Flashback to Memorial Day weekend three years ago.
In dramatic fashion, Liam Dwyer claimed his first victory in the IMSA Continental Tire SportsCar Challenge at his home track, Lime Rock Park. The former Marine and his co-driver Tom Long, bested the other Street Tuner (ST) class competitors for the victory in their No. 27 Freedom Autosport Mazda MX-5.
The win was a far cry from what the military veteran could have ever expected, considering that in May, 2011 during a tour of duty in Afghanistan, Dwyer stepped on an explosive that resulted in the loss of his left leg and years of recovery time.
“When I first got injured and during my first two years (of recovery), my goal wasn’t to get into a racecar, my goal was to learn how to drive again,” Dwyer explained. “I never imagined I would be racing cars. I love cars, I didn’t start club racing until 2013 and the next year, I’m doing three races in the IMSA series and winning.”
Dwyer first enlisted in the Marines after the USS Cole was attacked in October 2000, and was stationed in Okinawa, Japan during the Sept. 11 attacks in 2001. Several years later, the Connecticut native actively sought out a combat role with the Marines and served in Iraq until early 2008.
Dwyer then took some time away from the military during which he became more invested in sports cars. His passion, though, quickly took a back seat after receiving a phone call in 2010.
“I got a call from a guy I got deployed with to Iraq saying, ‘We’re putting a team together to go to Afghanistan and I want you on it,'” said Dwyer. “I was in Afghanistan in December 2010 and in May 2011, I stepped on a giant bomb over there that blew off my left leg and injured the remaining limbs of my body.”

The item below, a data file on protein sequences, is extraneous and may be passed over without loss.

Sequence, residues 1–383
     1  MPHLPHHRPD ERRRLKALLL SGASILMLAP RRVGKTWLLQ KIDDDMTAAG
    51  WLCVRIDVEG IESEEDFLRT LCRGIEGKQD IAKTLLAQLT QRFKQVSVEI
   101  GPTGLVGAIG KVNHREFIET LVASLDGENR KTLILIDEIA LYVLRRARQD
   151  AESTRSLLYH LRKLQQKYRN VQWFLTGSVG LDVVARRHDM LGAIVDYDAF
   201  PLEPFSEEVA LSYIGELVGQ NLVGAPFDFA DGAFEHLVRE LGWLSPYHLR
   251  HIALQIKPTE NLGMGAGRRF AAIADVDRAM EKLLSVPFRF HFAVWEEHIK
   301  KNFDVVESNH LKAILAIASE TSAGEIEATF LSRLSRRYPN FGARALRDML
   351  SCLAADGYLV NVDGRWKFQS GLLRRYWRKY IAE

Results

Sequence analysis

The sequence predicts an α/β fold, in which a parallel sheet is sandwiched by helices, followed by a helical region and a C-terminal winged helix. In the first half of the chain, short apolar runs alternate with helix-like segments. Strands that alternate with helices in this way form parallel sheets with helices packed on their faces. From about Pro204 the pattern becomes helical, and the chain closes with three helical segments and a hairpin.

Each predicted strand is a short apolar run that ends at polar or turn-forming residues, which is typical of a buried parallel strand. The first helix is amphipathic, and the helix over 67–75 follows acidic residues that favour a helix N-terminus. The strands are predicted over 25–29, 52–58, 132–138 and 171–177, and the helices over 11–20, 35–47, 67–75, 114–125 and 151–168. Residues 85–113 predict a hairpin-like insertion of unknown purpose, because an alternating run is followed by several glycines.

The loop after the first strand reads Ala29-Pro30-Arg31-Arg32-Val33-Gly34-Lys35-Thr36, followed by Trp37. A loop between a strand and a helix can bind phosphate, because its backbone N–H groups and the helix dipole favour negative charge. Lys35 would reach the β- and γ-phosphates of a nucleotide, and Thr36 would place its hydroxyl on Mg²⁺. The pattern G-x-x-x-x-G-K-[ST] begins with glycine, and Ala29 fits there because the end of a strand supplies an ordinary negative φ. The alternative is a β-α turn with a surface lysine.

Dwyer spent the next several years of his life recovering at Walter Reed Medical Military Medical Center in Bethesda, Md.
“For my first two and a half months at Walter Reed, I was in surgery three times a week,” said Dwyer. “I lost count after my 50th surgery. I don’t know how many surgeries I’m at now because of my injuries. There’s a lot that goes on with it and it feels like eight steps forward, 10 steps back sometimes. But then you’ll take 12 steps forward and only nine steps back, so it’s a slow progression and you’ve got to be very patient with it.”
Patience paid off for Dwyer, as he not only earned the 2014 victory, but went on to capture a special win at Mazda’s “home track” of Mazda Raceway Laguna Seca in 2015 with co-driver Andrew Carbonell. The Marine who saved Dwyer’s life back in 2011 also was present as a guest of the team.
Fast-forwarding to 2017, Dwyer’s ST team is one of only a handful to finish in the top 10 each race so far. For Memorial Day weekend, he has different plans this year with a break now in the series schedule – a relaxing weekend in Florida.
“My family is from Middlebury, Connecticut, and they have a Memorial Day parade that I used to be a part of,” Dwyer said. “Being that I’m now in Florida, I most likely will not be up there for Memorial Day, but when I am, it’s hot dogs, cookouts, burgers, parades, speeches, hanging out with family. Being that its Connecticut Memorial Day weekend, there’s big racing at Lime Rock. We’ll usually attend those races if I’m up there.”
After already winning on Memorial Day, a victory on Fourth of July weekend at Watkins Glen International would prove to be even more special this year.
“I’ll have a lot family there, but this year we’re having a special guest come to the race,” Dwyer said. “One of the doctors who operated on me, who’s actually done lots of operations on me, and he’s the one I credit for keeping my right leg…he will be there with his family to watch me race. I wanted him to come and see what I do now with the life that he’s given me.”
Bringing his doctor to Watkins Glen is more than a mere gesture for Dwyer, as he hopes to convey a broader message.
“Three days after our season ends in Atlanta later this year, I’ll be going up to Walter Reed and he’ll be doing a pretty awesome surgery on me to hopefully make me even faster,” Dwyer explained. “It also reminds people that yeah, I’m racing now, I’m retired from the military, but my life as an amputee is still ongoing. I still have a lot of procedures I’m going through and it’s always part of the story with me.”